Buchholz continues to deal like an ace

Righty falls one strike away from complete-game shutout

Buchholz continues to deal like an ace

BOSTON -- For Clay Buchholz, things couldn't be any better right now. He is firing gem after gem and doing it with a catcher in Sandy Leon that he works in perfect harmony with. His body, which has betrayed him in years past, has never felt stronger.

The righty was one strike away from a shutout against the Astros on Saturday, the one run he allowed in a 6-1 victory didn't diminish the performance.

It was a masterpiece -- and the first complete game by a Red Sox pitcher at Fenway Park on the Fourth of July since Mike Torrez in 1979.

There were no fireworks from the Astros against Buchholz on Saturday. Instead, just 27 outs spread over 110 pitches -- 80 of which were strikes.

Farrell on Buchholz's outing

"He's been on a run the last 10 starts where he's been in control," said Red Sox manager John Farrell. "That was the case again today for the full nine innings -- a number of pitches with men on base that he was able to execute. He's in such a good place mentally where he's repeating his delivery. He's commanding four pitches for strikes, and in control today."

Remember how good Buchholz was those first 10 weeks of 2013? That is essentially how he has looked of late, lowering his ERA from 6.03 to 3.27 in a span of 11 starts.

"Very similar," Farrell said of the 2013 comparison. "Any time you're talking about a guy who is going to go seven, eight innings pretty much each time out with low runs allowed, it's a very similar run."

The Red Sox need an ace, and Buchholz is certainly pitching like one. Now, he hopes he can make it last without any of the obstacles (health, inconsistency) that have plagued him in the past.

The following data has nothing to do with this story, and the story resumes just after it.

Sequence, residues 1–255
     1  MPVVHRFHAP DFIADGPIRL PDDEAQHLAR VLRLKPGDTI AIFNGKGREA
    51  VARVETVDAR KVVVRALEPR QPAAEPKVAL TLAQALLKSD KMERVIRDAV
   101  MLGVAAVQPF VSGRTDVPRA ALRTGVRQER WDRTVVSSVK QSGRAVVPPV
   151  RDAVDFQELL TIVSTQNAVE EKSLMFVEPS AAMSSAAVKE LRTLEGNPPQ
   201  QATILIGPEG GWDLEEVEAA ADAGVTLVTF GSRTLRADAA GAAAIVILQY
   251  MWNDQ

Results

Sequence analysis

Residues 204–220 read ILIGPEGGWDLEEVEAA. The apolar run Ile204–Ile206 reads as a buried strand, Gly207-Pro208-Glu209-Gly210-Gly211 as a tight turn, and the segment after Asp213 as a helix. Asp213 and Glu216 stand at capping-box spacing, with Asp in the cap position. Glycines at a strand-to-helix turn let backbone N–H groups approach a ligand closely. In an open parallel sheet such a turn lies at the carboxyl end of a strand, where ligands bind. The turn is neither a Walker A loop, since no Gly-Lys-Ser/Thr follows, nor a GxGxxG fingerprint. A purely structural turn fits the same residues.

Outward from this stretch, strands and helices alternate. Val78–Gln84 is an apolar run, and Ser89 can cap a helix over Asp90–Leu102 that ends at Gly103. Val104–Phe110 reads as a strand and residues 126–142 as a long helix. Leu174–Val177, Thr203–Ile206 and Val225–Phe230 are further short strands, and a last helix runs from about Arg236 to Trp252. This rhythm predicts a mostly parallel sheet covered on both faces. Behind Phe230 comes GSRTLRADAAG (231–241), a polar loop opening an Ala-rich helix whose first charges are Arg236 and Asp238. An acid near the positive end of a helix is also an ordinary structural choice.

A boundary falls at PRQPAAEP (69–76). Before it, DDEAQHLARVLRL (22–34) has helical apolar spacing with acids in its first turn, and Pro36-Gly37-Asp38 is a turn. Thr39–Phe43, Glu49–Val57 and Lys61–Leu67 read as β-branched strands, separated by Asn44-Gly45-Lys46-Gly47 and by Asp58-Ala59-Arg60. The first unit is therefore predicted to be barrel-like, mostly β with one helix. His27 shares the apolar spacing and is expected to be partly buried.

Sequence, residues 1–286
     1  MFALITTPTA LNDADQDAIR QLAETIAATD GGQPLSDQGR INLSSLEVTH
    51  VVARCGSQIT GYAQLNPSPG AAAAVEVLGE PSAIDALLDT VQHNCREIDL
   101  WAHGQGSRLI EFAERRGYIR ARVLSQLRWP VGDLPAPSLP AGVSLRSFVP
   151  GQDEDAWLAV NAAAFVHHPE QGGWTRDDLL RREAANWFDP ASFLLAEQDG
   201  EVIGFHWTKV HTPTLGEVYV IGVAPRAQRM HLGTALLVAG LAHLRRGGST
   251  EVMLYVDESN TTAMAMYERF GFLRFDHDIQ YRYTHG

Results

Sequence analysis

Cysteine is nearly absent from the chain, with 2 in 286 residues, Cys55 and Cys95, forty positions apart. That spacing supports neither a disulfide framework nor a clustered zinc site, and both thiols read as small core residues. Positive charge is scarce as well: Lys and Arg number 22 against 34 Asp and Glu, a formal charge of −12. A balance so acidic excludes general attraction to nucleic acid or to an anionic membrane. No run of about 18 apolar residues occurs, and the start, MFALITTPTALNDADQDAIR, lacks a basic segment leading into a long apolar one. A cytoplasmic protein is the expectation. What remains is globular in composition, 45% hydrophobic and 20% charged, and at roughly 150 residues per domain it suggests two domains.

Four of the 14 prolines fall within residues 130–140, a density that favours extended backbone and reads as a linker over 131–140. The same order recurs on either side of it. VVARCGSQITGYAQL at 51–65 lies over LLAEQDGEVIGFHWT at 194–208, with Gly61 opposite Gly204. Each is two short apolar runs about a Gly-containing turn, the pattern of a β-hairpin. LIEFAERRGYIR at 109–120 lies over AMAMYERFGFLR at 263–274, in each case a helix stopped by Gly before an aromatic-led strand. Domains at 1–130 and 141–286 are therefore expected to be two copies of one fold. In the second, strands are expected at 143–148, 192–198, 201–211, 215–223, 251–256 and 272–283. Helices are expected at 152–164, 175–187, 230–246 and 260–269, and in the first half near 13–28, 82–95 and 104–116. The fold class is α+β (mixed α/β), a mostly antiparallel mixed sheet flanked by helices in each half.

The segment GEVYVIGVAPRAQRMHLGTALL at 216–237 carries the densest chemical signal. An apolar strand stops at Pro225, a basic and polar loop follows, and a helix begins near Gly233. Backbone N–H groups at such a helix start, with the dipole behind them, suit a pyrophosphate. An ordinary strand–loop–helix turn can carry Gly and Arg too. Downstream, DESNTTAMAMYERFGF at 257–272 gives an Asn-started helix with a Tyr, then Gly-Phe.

In his last four starts, Buchholz is 4-0 with a 0.87 ERA.

"I've felt like I've had some pretty good stuff. I've been able to change speeds on a pitch to pitch basis," said Buchholz. "I feel good. I'm prepared to pitch nine innings every time I go out. Sometimes it just doesn't happen. But as far as staying healthy and how my body feels probably, I'm probably in the best shape of my life."

As for his rapport with Leon, consider that Buchholz is 6-3 with a 2.47 ERA with the batterymate he just met at the end of Spring Training.

"It happened first start [with Leon] in Spring Training," said Buchholz. "He started calling pitches I normally don't throw but I was trying to work on, and I didn't have to shake off to get to them, so that's where it started."

The tandem just missed the shutout in this one, but instead settled for Buchholz's first complete game of the season, and ninth of his career.

"If I'm out there, I might as well try to get it," said Buchholz. "Just needed a strike called or a backdoor cutter. Didn't get it, but it is what it is. Complete game is a complete game. Shutouts are a little different, but it's pretty hard to do."

These days, however, Buchholz is making everything look easy.

Ian Browne is a reporter for MLB.com. Read his blog, Brownie Points, follow him on Twitter @IanMBrowne and listen to his podcast. This story was not subject to the approval of Major League Baseball or its clubs.